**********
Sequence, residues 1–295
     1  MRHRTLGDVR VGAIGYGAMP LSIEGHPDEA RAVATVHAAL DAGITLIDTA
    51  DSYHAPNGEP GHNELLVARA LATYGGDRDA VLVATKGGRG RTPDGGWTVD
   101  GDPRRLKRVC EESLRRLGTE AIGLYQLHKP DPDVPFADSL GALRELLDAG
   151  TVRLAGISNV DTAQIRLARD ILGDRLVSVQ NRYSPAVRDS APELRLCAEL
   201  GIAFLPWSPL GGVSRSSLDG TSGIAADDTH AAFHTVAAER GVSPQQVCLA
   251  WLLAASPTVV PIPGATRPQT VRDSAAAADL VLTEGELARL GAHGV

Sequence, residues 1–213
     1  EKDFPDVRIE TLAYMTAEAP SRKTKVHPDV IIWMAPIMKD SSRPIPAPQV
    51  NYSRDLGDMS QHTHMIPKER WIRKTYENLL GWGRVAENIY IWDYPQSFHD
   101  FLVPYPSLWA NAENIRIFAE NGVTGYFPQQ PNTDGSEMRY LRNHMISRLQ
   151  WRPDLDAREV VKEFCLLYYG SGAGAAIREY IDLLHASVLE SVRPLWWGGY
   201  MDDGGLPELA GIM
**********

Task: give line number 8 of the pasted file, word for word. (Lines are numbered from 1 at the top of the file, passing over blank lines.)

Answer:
Sequence, residues 1–213